Loading presentation...

Present Remotely

Send the link below via email or IM

Copy

Present to your audience

Start remote presentation

  • Invited audience members will follow you as you navigate and present
  • People invited to a presentation do not need a Prezi account
  • This link expires 10 minutes after you close the presentation
  • A maximum of 30 users can follow your presentation
  • Learn more about this feature in our knowledge base article

Do you really want to delete this prezi?

Neither you, nor the coeditors you shared it with will be able to recover it again.

DeleteCancel

Make your likes visible on Facebook?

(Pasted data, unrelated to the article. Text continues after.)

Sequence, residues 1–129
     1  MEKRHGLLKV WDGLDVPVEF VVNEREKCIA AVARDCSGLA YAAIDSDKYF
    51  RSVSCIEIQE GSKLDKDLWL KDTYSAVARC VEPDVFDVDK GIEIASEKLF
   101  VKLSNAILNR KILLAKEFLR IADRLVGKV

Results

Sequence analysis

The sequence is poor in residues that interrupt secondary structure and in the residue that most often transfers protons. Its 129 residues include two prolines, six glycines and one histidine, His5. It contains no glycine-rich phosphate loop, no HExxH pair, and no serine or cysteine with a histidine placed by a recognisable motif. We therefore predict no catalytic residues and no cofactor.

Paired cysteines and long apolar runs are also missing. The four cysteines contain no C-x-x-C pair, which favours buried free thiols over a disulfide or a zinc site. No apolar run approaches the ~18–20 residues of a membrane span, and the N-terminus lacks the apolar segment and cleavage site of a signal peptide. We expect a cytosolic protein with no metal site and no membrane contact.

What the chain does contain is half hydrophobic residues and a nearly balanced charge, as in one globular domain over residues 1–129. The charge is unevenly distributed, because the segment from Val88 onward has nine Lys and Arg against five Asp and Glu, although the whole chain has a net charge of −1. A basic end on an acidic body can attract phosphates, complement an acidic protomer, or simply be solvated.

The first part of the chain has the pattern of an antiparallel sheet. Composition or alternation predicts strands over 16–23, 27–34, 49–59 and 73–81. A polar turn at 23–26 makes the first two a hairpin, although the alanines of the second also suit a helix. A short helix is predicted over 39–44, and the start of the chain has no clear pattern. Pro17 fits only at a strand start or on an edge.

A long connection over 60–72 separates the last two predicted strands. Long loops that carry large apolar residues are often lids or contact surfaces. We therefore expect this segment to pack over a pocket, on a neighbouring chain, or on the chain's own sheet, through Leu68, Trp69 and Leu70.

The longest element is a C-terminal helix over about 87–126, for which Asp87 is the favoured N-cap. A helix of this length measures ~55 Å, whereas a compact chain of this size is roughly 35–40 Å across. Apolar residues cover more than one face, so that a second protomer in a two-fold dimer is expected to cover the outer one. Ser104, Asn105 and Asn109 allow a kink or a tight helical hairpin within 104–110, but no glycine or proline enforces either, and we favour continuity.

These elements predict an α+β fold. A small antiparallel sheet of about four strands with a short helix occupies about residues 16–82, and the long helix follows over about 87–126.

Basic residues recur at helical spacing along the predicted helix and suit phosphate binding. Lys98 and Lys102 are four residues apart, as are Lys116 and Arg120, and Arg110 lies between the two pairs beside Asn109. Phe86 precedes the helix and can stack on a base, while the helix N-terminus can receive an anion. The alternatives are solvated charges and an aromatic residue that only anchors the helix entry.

Connect your Facebook account to Prezi and let your likes appear on your timeline.
You can change this under Settings & Account at any time.

No, thanks

Conformity

No description
by

Aaron Still

on 27 April 2013

Comments (0)

Please log in to add your comment.

Report abuse

Transcript of Conformity

Introduction What is conformity and it's categories? A biblical evaluation Conformity and church fundraising What is Conformity? A sociological perspective "...a change in a person's behavior or opinions as a result of real or imagined pressure from a person or group." - Aronson "Individuals comply with norms because the believe the behavior of others provides cues for...successful behavior." - Pool and Schwegler "...the newness of the situation, the need to be accepted, or the need to have one's personal beliefs validated." - Pendry and Carrick What is Conformity? The Pickwick Papers by Charles Dickens On how to deal with the mob rule mentality: